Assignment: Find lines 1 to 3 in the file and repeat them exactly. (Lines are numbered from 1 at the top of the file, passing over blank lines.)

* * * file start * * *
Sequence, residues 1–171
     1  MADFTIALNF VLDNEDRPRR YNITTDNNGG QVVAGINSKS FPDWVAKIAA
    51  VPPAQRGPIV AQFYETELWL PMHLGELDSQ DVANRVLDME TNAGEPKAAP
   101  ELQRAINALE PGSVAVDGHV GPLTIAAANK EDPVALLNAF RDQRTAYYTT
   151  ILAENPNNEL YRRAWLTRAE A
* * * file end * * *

Sequence, residues 1–171
     1  MADFTIALNF VLDNEDRPRR YNITTDNNGG QVVAGINSKS FPDWVAKIAA
    51  VPPAQRGPIV AQFYETELWL PMHLGELDSQ DVANRVLDME TNAGEPKAAP